August 13, 2012

Karla’s Korner: Wearing Their Own Shoes

I am proud to introduce a new column to Madame Deals! I think we all need a touch point a place we can go to be inspired. Karla is my children’s teacher, a good friend, and a person with a heart of gold. I hope that her words will inspire you to do more. We are only as good as the people we surround ourselves with. It is important to listen with your heart and proceed with your eyes open. Enjoy!

Wearing their own shoes:

I took my son to his high school open house on Wednesday. As difficult as it is for me to believe that my baby boy is now in the 9th grade I have to admit that I am pretty excited for him. Our county is opening a brand new state of the art high school this year which means he will have a wonderful new modern space to learn and grow in over the next four years. As we made our way through the halls and around folks who were just as lost as we were, we found our way to his Geometry Honors class to meet his teacher. Actually, we already know his teacher (we go to church together) but we needed to get the supply list and get the “skinny” on what she has planned for the year. When we entered her room she was having a conversation with the principal; a rather larger than life fellow who can at times be a bit daunting. As they were finished, he turned and spoke indicating that he thought he knew me. I shared with him that my daughter had graduated in 2011 and immediately he remembered her. Introducing my son I shared with him how excited we were to be in the new school and that we were looking forward to a great year. As he shook my son’s hand he said “Son, you have some pretty big shoes to fill.” Oh no he did not just tell my son that he had to be like his sister! In fact, that is exactly what he did and just like any momma bear protecting her cub, I quickly replied “Oh, no sir, he has his shoes to wear, hers don’t fit him.” Chuckling as he realized my point he wished my son well and headed out the door. Point taken.

When we become parents we quickly find our children being compared to others almost immediately after birth. There are various scales and charts that our babies are compared against. I remember my son being in the 95th percentile for height and weight when he was little and wondered why that really mattered. In his preschool years, there were statistical charts indicating what he should and should not be able to do at various ages and stages which lead me to wonder what did it really if he could hop on one foot at the age of 3 ?. I mean he has two feet, why is it necessary to hop on just one of them? And then there are those glorious standardized tests that children are required to take at every milestone in school. Our children are constantly being compared to one another whether we are the ones doing it or not; and I personally do not think it is fair to them.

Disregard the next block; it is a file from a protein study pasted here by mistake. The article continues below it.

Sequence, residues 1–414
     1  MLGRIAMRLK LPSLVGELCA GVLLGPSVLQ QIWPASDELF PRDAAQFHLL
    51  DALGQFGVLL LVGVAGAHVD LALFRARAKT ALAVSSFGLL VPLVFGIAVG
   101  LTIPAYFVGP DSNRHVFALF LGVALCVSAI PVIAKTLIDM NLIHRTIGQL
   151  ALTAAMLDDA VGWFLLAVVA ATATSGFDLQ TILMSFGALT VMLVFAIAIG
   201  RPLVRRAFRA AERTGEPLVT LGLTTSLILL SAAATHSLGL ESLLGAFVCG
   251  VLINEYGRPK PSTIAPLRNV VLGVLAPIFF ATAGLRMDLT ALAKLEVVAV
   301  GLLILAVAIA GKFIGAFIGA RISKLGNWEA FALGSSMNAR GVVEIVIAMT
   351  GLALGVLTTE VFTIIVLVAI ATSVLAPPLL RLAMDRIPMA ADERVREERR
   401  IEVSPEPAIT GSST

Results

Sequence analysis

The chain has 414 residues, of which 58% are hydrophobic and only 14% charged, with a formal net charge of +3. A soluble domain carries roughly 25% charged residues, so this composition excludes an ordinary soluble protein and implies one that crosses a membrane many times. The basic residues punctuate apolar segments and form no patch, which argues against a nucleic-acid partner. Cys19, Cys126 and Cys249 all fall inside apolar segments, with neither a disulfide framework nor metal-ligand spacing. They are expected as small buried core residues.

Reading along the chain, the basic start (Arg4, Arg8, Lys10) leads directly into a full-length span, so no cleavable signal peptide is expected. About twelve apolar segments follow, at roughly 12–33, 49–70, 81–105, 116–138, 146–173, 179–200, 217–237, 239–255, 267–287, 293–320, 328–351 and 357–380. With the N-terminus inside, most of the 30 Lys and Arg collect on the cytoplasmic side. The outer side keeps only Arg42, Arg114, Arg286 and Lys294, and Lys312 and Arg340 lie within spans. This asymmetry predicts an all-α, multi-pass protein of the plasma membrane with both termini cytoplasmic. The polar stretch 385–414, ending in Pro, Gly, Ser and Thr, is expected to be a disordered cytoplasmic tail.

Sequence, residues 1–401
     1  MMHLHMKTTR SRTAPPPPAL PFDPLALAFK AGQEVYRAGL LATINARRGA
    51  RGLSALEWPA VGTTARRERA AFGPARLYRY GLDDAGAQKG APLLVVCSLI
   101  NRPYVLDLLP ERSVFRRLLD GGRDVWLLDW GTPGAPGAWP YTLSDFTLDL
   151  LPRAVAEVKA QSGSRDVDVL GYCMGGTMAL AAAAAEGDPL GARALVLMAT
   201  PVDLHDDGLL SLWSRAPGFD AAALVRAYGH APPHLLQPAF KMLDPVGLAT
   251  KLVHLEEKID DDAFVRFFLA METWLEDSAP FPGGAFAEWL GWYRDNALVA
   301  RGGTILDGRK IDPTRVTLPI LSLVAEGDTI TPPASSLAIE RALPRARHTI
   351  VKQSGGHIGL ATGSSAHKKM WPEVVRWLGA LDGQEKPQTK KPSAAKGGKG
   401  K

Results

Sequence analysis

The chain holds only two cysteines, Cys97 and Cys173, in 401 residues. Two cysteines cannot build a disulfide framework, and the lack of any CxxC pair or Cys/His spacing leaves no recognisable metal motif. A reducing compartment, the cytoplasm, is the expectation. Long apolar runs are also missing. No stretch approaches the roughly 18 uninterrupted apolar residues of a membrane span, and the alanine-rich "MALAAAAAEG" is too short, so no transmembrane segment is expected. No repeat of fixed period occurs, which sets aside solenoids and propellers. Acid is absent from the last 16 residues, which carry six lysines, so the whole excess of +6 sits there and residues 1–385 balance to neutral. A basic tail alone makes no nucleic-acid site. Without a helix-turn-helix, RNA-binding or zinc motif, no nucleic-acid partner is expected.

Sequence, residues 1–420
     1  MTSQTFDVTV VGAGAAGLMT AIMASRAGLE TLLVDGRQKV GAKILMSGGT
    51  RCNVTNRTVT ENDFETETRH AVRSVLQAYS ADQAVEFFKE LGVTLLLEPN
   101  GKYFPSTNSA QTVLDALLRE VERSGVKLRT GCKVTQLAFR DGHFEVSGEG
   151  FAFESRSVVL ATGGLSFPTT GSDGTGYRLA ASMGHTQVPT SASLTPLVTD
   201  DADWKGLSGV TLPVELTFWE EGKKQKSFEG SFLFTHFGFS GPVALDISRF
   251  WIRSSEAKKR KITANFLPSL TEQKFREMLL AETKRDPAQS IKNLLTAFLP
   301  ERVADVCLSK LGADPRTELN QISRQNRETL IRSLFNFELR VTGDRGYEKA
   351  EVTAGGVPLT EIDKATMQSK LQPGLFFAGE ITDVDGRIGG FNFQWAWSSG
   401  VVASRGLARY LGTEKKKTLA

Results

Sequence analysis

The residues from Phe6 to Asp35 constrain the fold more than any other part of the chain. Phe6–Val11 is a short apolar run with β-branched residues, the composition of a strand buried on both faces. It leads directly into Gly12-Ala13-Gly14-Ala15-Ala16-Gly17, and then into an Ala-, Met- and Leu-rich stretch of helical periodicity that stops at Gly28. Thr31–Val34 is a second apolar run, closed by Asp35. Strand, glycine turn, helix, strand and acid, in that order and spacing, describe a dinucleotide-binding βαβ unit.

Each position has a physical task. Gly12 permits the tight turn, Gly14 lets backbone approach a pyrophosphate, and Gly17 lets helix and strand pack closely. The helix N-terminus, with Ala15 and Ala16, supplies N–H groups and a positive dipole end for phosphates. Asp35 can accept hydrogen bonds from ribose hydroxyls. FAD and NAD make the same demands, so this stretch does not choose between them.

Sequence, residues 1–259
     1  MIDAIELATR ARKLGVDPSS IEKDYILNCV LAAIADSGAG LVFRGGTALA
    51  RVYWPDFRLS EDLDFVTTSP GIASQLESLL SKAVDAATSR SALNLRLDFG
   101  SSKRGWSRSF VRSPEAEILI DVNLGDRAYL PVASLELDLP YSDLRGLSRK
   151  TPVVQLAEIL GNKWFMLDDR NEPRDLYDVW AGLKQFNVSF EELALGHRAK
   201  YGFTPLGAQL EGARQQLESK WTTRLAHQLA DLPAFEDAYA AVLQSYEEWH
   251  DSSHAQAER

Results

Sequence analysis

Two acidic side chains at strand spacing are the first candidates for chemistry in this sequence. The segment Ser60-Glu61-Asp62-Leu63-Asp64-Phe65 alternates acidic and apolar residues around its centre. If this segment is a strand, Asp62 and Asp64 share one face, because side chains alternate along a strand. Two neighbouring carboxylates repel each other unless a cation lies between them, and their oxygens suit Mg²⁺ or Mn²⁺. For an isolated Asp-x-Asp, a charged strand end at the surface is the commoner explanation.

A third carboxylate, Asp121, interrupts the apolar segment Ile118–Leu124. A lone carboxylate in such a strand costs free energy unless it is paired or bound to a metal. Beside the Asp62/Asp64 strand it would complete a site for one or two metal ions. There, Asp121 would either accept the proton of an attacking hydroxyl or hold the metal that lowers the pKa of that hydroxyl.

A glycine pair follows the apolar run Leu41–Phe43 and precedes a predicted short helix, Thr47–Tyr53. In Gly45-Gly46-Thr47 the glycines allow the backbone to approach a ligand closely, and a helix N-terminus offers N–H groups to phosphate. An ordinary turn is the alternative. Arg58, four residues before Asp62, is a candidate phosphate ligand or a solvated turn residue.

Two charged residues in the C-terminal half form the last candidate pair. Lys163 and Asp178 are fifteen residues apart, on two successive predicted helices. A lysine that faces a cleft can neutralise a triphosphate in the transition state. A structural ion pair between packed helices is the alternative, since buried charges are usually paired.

Children should be treated as the individuals they are. I have two children who are as different as night and day. Yes, they are born of the same biological parents but that is just about the extent of their similarities. My daughter is a lover of education. She longs for the start of school and is sad when it is over for the summer. My son is not as fond of school and does a happy dance when summer vacation arrives. I could go on and on about their differences but then I would be guilty of comparing them, so I won’t.

Comparing children to their siblings or other children is unfair. Everyone is unique in their own way and that uniqueness should be celebrated. While my daughter wishes to explore the idea of becoming a doctor, my son shows interest in culinary arts. As the parent it is my job to encourage each child to follow their own dreams and make their own decisions while not comparing one to the other. I urge you to allow your children to be their own individuals; not a carbon copy of their sibling (or anyone else for that matter.) Parents must be the positive force that is behind their children encouraging them to be who they want to be. As difficult as it is sometimes we must avoid saying things like “your sister never did that” or “Why can’t you get straight A’s like your brother?” or “When I was your age, I never wanted to do that.” Comparisons can damage a child’s confidence and build barriers between siblings (and others). Instead of comparing them to one another, find ways to celebrate their differences and encourage them to encourage one another. Life is full of opportunities; which is why I firmly believe that we were all created with different likes and abilities. What a boring world we would live in if everyone was exactly the same. In the words of famed author Dr. Seuss, “Today you are You, that is truer than true. There is no one alive who is Youer than You.” Allow your children to wear their own life shoes and walk the path that they choose for themselves; after all walking in our own shoes is way more comfortable than someone else’s. As for me and my family, my son will hop on the bus and begin his high school career allowing his name to be shortened from Christopher to Chris (yes, I cringe) while his sister will pack up her stuff once more and head off to college; each with their own thoughts, ideas, hopes and dreams, and yes, their own shoes.


Check out all of Karla’s Korner articles here.

Also, please visit Karla’s Lifetime Moms page and read her articles.

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Cook, Baker, Phototaker, Fitness Mover and Shaker, Cupcake Tester, Deal Maker, Adventurous Undertaker, Do Good "Deeder", Teacher, Mom, Wife, Patriot for Life & Giver of Good Advice - RealAdviceGal

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